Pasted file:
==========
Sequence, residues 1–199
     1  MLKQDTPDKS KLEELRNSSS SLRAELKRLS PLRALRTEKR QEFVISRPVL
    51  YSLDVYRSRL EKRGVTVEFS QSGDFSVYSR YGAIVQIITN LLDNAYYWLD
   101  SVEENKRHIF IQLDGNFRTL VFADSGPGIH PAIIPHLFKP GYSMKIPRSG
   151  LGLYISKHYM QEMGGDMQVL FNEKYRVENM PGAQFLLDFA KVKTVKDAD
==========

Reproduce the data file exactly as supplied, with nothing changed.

Sequence, residues 1–199
     1  MLKQDTPDKS KLEELRNSSS SLRAELKRLS PLRALRTEKR QEFVISRPVL
    51  YSLDVYRSRL EKRGVTVEFS QSGDFSVYSR YGAIVQIITN LLDNAYYWLD
   101  SVEENKRHIF IQLDGNFRTL VFADSGPGIH PAIIPHLFKP GYSMKIPRSG
   151  LGLYISKHYM QEMGGDMQVL FNEKYRVENM PGAQFLLDFA KVKTVKDAD